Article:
We, at Hasekamp net, have not the slightest sympathy for shrimp farmers. In order to set up their businesses they have destroyed the rain forest and the magrove forests. Mangrove forests even have disappeared completely due to the shrimp business. We hope the farmers will give up their businesses, and their land will be returned to nature. (Source for the first part: Thai News Agency)


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Divorces women are Miss again

Posted by hasekamp on 5 June 2008 at 10:37 AM
The Women's Title Act, which became effective yesterday, has been described as a declaration of independence for women. Divorced women may call themselves "Miss" again. What's in a title? The Women's Title Act came into effect yesterday. The Act has widely been known as the declaration of independence for women. Backers of the legislation believe it will reduce the social pressure on women. Divorced women will no longer have to state their marital status. (Source: Daily Xpress)


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BOT expects inflation

Posted by hasekamp on 4 June 2008 at 13:30 PM
Thailand's inflation rate this year is unlikely to reach the double-digit category, although oil and agriculural product prices continue rising, according to the Bank of Thailand. BoT Deputy Governor Atchana Waiquamdee said the inflation surge to 7.6 per cent in May is close to 7.3 per cent predicted earlier by the central bank at the latest Monetary Policy Committee meeting. She attributed the sharp inflation rise to a further increase in oil and food prices. At the same time, the core inflation rate increased by 0.8 per cent as projected previously. So, the bank sees a need to monitor fuel prices even more closely because it is difficult to predict how far the prices will continue to rise. However, the bank did not expect the inflation rate would push until it reaches two digit threshold within this year. (Source: Thai News Agency)


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Academics are concerned

Posted by hasekamp on 4 June 2008 at 13:27 PM
Academics from leading universities have urged the five coalition parties to withdraw from the People Power-led government to prevent the political confrontation from spiralling out of control. Sampan Techa-athik, a lecturer at Khon Kaen University's Social Science Faculty voiced concern the political confrontation would result in another coup. To prevent this scenario, the five coalition parties should switch their support from the People Power Party to the Democrats. (Source: The Nation)


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State of emergency?

Posted by hasekamp on 3 June 2008 at 15:41 PM
Supreme Commander General Boonsrang Niumpradit on Tuesday allayed concern that the government might declare an emergency situation to crack down on the street protests. "The citing of the emergency law may do more harms than good to the country," Boonsrang said, arguing there are many options to deal with the opposition movement led by the People's Alliance for Democracy. He urged the government and the PAD to reconcile their differences by peaceful talks. (Source: The Nation)


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Demonstrators want PM to go

Posted by hasekamp on 2 June 2008 at 10:38 AM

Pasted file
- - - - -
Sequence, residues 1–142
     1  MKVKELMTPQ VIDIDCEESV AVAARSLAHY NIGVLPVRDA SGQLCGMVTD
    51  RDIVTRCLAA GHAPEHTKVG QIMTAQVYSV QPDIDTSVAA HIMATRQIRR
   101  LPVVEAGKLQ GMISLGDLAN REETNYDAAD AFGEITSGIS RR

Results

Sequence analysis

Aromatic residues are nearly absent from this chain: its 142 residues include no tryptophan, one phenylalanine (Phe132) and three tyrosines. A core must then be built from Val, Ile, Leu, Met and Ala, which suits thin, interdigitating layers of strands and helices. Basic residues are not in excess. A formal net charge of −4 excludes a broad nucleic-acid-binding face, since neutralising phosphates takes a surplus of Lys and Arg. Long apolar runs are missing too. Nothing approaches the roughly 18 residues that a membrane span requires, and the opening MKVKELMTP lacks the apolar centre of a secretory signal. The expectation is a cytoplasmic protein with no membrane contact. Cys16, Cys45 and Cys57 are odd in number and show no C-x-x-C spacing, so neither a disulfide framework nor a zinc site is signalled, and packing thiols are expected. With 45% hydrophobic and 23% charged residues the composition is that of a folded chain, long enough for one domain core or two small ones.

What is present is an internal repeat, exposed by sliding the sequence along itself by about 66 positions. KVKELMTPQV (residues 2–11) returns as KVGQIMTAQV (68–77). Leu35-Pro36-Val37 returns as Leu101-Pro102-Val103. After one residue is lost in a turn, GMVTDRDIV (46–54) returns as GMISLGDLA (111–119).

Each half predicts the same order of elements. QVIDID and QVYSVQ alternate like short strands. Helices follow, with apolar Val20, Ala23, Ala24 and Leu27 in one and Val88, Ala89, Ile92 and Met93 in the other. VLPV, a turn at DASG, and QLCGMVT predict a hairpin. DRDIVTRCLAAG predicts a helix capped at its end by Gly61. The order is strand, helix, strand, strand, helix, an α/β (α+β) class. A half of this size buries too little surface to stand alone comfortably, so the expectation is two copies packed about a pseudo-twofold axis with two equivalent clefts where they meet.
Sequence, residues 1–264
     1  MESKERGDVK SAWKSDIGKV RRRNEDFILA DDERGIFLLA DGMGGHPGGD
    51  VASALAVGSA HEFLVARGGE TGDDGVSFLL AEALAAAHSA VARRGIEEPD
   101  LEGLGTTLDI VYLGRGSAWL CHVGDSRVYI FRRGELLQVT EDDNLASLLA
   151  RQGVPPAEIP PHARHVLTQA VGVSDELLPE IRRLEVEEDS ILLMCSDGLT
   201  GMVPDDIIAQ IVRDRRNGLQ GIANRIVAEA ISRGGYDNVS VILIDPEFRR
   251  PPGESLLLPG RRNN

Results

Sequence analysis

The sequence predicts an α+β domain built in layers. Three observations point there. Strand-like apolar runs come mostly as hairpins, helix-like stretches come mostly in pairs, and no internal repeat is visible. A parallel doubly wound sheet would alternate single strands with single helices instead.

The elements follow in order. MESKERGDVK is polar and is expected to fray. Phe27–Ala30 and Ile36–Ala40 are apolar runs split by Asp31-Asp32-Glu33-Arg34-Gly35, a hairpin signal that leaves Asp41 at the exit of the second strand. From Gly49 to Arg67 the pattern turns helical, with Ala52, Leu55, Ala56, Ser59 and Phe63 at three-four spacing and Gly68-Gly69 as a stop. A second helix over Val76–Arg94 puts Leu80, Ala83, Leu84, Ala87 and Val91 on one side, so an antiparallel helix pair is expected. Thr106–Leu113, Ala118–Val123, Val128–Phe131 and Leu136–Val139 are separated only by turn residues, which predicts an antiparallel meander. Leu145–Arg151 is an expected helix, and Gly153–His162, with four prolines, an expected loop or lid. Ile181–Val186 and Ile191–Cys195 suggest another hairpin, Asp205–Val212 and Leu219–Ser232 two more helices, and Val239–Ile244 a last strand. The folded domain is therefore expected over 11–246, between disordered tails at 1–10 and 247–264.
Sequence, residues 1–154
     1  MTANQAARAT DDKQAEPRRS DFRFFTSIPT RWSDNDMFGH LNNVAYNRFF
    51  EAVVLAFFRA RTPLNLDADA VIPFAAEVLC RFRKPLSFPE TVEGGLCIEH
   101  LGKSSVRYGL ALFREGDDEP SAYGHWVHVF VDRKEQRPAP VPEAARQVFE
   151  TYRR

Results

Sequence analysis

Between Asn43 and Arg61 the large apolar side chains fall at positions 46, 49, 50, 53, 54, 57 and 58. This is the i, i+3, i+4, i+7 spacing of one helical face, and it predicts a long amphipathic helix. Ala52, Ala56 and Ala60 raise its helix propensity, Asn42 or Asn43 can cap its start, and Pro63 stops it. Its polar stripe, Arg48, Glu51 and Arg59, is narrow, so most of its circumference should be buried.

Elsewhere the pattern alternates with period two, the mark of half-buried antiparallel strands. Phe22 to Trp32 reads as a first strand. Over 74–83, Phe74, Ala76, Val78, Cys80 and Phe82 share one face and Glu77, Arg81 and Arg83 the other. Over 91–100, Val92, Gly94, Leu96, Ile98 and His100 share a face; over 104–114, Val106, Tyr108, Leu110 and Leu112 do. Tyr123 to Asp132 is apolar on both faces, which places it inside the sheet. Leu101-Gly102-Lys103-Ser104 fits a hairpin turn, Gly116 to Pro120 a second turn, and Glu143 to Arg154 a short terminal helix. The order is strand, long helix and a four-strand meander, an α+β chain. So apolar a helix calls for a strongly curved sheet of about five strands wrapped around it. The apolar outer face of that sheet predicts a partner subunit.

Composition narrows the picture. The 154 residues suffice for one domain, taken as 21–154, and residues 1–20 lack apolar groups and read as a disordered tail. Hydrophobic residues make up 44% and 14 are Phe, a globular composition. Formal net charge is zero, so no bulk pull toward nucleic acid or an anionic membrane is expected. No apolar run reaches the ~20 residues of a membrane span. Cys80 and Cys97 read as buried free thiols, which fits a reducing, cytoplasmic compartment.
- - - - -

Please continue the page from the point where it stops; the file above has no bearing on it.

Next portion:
The People's Alliance for Democracy (PAD) is urging four coalition parties to withdraw from the government and has stepped up its call for Prime Minister Samak Sundaravej to resign if he wants the group to end its protest. The group's demand came after the leaders of Chart Thai, Puea Pandin, Matchimathipataya and Pracharaj parties met over dinner on Saturday after Mr Samak unilaterally announced he wanted police to disperse the PAD rally to keep order. Their dinner gathering to review the five-point list of conditions which they agreed on before joining the coalition upset some members of the People Power party (PPP). The list obliged the PPP to support the monarchy, avoid seeking political reprisals and not to offend statesman Gen Prem Tinsulanonda. The PPP-group now wants to bring the three-month-old coalition to an end.
Thousands of demonstrators yesterday chanted "Samak, Get Out", which recalled chants used in a similar campaign to expel Mr Thaksin in 2006. (Source The Bangkok Post)


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Stockmarket falls

Posted by hasekamp on 2 June 2008 at 10:33 AM
We do not post often about the Thai stock market, but here is one of our irregular updates, because it is not in line with the general trends worldwide.
Share prices at the Stock Exchange of Thailand fell for the fifth day in a row on Monday as foreign investors fled the market. Finance Minister Surapong Suebwonglee and financial experts blamed the PAD street protests and rumors of a military coup. "I admit that the problem of protesters during the past week has affected the economy and investor confidence," Dr Surapong told reporters. "I am explaining to them (investors) that the protests will not lead to violence or a military coup." The finance minister said army commander Gen Anupong Paojinda told him that, "No soldier wants to stage a military coup." In addition, he said, there was no justification for dissolving Parliament or for the government to resign. The SET index edged down by 5-6 points at the opening bell and lost momentum to close at 816.77 points, down 16.88 or 2.02 per cent, with a heavy trading value of 10.54 billion baht. (Source: The Bangkok Post)